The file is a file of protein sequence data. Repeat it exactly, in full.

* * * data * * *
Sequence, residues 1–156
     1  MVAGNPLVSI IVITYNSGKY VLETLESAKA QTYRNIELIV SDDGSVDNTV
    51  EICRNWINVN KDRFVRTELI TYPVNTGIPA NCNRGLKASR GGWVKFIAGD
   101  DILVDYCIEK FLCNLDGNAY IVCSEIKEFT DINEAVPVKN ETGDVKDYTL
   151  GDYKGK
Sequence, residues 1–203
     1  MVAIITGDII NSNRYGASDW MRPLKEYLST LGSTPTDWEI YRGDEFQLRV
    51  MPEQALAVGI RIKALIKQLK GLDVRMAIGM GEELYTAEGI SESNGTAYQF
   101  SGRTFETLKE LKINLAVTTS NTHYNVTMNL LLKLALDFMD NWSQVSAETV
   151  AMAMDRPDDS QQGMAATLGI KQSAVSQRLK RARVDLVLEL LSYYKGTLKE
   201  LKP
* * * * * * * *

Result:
Sequence, residues 1–156
     1  MVAGNPLVSI IVITYNSGKY VLETLESAKA QTYRNIELIV SDDGSVDNTV
    51  EICRNWINVN KDRFVRTELI TYPVNTGIPA NCNRGLKASR GGWVKFIAGD
   101  DILVDYCIEK FLCNLDGNAY IVCSEIKEFT DINEAVPVKN ETGDVKDYTL
   151  GDYKGK
Sequence, residues 1–203
     1  MVAIITGDII NSNRYGASDW MRPLKEYLST LGSTPTDWEI YRGDEFQLRV
    51  MPEQALAVGI RIKALIKQLK GLDVRMAIGM GEELYTAEGI SESNGTAYQF
   101  SGRTFETLKE LKINLAVTTS NTHYNVTMNL LLKLALDFMD NWSQVSAETV
   151  AMAMDRPDDS QQGMAATLGI KQSAVSQRLK RARVDLVLEL LSYYKGTLKE
   201  LKP